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Critical Assessment of Some Popular Scale-Resolving Turbulence Models for Vehicle Aerodynamics
ISSN: 1946-3995, e-ISSN: 1946-4002
Published March 28, 2017 by SAE International in United States
Citation: Jakirlic, S., Kutej, L., Unterlechner, P., and Tropea, C., "Critical Assessment of Some Popular Scale-Resolving Turbulence Models for Vehicle Aerodynamics," SAE Int. J. Passeng. Cars - Mech. Syst. 10(1):235-250, 2017, https://doi.org/10.4271/2017-01-1532.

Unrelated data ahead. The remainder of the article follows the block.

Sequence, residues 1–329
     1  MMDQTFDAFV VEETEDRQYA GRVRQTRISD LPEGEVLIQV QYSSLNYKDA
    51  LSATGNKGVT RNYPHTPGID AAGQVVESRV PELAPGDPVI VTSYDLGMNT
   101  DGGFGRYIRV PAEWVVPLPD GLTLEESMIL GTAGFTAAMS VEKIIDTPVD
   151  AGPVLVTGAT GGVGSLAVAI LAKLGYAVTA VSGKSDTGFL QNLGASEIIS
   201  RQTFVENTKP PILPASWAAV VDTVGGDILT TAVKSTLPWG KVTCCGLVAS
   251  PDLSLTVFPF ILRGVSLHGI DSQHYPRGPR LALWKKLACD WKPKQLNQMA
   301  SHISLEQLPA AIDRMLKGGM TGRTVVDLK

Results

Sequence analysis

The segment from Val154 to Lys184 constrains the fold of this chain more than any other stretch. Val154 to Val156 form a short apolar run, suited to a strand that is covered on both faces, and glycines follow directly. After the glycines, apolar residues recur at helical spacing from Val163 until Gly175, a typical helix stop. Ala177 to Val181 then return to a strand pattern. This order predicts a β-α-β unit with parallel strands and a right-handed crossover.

Some widely-used scale-resolving turbulence models are comparatively assessed in simulating the aerodynamic behavior of a full-scale AUDI-A1 car configuration. The presently considered hybrid RANS/LES (RANS – Reynolds-Averaged Navier-Stokes; LES – Large-Eddy Simulation) models include the well-known DDES (Delayed Detached-Eddy Simulation) scheme and two further variable-resolution formulations denoted by PANS (Partially-Averaged Navier-Stokes; Basara, 2011) and VLES (Very LES; Chang et al., 2014). Whereas the DDES method represents the originally proposed formulation based on the one-equation Spalart-Almaras model (Spalart et al. 2006), whose RANS/LES interface position is directly correlated to the underlying grid resolution, the other two models represent ‘true’ seamless formulations, providing a smooth transition from Unsteady RANS to LES in terms of a dynamic “resolution parameter” variation. The latter parameter is evaluated by contrasting the length scale related to the residual turbulence of both PANS and VLES methods to the grid spacing. The dynamics of residual motion in both methods is modelled by a four equation model (Hanjalic et al., 2004). All computations are performed by the OpenFOAM code. The PANS and VLES formulations, in conjunction with the ‘hybrid wall functions’ used for the wall treatment, were implemented by the authors. The car configuration considered accounts for mirrors, detailed underbody accommodating the exhaust system, as well as the rotating wheels including brake discs and rim details. The solution domain representing a regular hexahedron was meshed by two grids consisting approximately of 31 and 62 million cells in total. The results representation includes detailed time-dependent mean flow and turbulence fields, surface pressure distribution and the resulting drag and lift force coefficients. The results’ analysis is performed by discussing the models’ predictive capabilities along with the available experimental results.
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